On the other hand, assuming that all the antennas used have the same pattern with omnidirectionality and no mutual coupling, the antenna coordinates use a polar coordinate system centered at each site’s origin, as shown in Figure 1. For the base site, the coordinates are denoted by , where and mean the radius normalized by wavelength λ and counterclockwise angle from TN for the th antenna, respectively. For a mobile site, the coordinates are similarly denoted by ; however, when the mobile station moves, is also the angle from the mobile’s movement direction.
In this paper, we also assume that all antenna elements of each station have the same values of and , but strictly and differ slightly among the elements by value δ. The angular difference δ from or for the normalized distance between the origin and multipath scattering when the antenna element is set at spacing λ away from the origin is shown in Figure 2. This δ is less than 0.01 rad when . As shown later, the spatial correlation is sensitive to or when the antenna is high and far away and when and have Gaussian distributions, but not so sensitive to or when is small and and are spread widely, as in the case with mobile stations or indoor cells.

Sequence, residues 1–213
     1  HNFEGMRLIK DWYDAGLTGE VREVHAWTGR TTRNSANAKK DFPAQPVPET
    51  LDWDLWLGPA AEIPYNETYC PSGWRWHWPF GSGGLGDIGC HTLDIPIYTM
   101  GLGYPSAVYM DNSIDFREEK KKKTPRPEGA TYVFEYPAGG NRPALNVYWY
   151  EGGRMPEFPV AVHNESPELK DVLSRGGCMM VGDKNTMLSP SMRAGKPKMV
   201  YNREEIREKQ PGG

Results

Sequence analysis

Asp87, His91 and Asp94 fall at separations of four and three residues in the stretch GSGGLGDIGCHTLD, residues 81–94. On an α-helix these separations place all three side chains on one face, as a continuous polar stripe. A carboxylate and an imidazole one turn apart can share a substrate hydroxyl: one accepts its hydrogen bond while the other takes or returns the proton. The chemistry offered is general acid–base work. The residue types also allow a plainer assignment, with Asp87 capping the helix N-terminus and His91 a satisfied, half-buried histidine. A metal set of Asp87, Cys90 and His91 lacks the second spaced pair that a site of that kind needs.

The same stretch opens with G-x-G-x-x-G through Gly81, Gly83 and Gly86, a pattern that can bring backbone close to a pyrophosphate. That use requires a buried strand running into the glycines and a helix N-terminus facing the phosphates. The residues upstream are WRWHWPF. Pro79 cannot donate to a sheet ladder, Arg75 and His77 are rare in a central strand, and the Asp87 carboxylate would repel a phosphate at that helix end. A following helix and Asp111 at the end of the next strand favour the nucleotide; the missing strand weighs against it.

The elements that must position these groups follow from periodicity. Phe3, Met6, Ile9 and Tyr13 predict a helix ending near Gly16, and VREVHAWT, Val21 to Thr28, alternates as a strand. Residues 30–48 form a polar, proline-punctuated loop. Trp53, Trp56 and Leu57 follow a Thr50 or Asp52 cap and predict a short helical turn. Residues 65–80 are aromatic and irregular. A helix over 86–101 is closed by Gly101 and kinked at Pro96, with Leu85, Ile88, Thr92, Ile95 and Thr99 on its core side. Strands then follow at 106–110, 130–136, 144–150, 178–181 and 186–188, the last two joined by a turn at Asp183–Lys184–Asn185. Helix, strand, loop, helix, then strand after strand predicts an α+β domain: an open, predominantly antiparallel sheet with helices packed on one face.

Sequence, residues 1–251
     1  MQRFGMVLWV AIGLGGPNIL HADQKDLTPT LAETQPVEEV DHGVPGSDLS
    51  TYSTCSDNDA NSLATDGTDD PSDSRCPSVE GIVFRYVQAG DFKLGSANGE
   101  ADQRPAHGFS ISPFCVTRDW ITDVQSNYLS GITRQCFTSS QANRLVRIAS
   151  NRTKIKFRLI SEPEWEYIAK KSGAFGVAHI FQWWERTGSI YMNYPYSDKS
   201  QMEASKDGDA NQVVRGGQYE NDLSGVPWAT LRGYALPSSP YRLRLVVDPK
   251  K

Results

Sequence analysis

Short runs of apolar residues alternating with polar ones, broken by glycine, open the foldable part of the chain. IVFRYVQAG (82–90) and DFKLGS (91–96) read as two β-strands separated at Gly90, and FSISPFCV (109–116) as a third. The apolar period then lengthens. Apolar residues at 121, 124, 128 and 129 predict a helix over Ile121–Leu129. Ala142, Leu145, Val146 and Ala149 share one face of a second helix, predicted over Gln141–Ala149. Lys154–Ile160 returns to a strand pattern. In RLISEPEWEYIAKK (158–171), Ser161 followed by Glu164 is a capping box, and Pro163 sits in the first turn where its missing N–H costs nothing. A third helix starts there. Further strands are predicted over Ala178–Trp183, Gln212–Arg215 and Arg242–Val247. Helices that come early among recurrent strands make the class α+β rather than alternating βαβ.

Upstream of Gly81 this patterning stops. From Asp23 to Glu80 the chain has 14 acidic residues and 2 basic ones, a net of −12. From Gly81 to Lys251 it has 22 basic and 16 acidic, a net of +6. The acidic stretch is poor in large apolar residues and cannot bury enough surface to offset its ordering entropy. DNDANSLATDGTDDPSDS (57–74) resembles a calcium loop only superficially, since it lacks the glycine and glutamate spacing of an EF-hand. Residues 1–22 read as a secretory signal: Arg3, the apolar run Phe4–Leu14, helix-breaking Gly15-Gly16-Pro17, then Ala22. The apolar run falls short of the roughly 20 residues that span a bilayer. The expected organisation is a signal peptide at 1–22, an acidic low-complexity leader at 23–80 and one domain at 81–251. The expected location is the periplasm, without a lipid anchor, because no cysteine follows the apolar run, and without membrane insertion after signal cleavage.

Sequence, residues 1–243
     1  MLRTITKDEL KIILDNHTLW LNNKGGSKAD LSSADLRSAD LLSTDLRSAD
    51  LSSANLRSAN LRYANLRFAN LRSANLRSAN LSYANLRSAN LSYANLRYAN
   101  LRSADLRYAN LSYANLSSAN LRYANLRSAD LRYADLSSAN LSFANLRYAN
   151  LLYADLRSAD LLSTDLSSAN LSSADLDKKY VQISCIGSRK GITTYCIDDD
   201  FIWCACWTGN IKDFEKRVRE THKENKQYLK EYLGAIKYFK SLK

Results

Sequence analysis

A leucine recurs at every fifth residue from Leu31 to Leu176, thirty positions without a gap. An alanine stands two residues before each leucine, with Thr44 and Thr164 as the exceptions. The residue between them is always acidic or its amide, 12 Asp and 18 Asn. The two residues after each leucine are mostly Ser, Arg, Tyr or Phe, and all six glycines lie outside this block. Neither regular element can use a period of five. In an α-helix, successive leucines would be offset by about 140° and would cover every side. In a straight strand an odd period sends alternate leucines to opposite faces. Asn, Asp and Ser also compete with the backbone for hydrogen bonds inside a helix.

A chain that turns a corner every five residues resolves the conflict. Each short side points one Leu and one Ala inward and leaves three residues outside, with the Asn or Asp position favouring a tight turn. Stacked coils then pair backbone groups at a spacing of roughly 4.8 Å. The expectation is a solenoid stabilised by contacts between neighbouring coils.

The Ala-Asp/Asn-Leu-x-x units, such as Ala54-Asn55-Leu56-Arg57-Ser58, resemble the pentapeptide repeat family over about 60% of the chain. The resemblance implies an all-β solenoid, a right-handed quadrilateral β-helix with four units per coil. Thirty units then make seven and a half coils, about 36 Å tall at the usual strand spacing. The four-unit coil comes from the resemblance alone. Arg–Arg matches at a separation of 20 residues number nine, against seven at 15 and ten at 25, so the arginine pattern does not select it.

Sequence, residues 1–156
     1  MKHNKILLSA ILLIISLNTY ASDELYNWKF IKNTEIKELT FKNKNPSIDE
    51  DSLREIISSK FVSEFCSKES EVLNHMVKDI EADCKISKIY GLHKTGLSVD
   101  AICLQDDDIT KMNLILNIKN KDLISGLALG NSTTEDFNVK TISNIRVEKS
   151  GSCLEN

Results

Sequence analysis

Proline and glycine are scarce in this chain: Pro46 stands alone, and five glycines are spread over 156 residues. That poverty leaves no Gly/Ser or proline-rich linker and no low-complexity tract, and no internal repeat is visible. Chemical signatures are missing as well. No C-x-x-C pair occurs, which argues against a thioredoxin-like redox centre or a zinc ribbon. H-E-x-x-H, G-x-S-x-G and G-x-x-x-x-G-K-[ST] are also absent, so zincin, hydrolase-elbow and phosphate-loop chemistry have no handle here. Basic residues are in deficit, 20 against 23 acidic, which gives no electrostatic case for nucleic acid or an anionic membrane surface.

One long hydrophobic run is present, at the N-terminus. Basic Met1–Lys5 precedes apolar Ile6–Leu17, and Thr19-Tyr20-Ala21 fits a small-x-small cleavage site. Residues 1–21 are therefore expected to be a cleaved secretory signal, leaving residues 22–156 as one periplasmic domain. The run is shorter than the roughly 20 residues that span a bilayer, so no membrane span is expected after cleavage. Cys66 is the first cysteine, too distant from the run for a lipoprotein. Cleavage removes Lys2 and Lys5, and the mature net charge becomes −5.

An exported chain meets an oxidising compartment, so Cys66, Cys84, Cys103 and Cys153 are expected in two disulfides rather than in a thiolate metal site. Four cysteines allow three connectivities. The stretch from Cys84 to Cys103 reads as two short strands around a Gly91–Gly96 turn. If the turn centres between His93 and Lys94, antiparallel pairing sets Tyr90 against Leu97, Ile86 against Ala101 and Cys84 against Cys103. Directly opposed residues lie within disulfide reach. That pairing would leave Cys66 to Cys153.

2.2. MIMO Channel Matrix
Under the conditions described above and assuming a narrowband system such as OFDM, the MIMO channel, which is composed of the th base- and th mobile-station antenna elements, is denoted by MIMO , and the complex received signal level is given by where is the path phase of MIMO for the th multipath wave, is the radio frequency, and is the maximum Doppler frequency. The third and fourth terms of in brackets depend on the mobile- and base-station antenna configurations and mean phase difference from mobile and base origins, respectively.
When the number of antenna elements at each station is M, the MIMO channel matrix E, which describes the connection between both stations, can be expressed as where means in (1).
2.3. Correlation between MIMO Channel Matrix Elements
2.3.1. General Formula
We start by studying the general spatial correlation between MIMO and ; the complex correlation is denoted by . With variables meaning and meaning obtained by (1), is expressed by Here, the symbols and * mean ensemble average and conjugate complex, respectively. Under the conditions in Section 2.1, and are zero owing to the independence of and (or ) with random values from 0 to . Therefore, the denominator in (4) is , that is, received power. On the other hand, in the numerator of (4) is expressed by (5), where expresses the directive wave’s path phase difference between MIMO and (see Appendix A). Here, , , and , in (5) are antenna construction parameters for the mobile and base sites, respectively. The and are given by (7) and mean, respectively, the spacing between the th and th antenna elements and the counterclockwise angle from TN or the movement direction to a line with both these elements.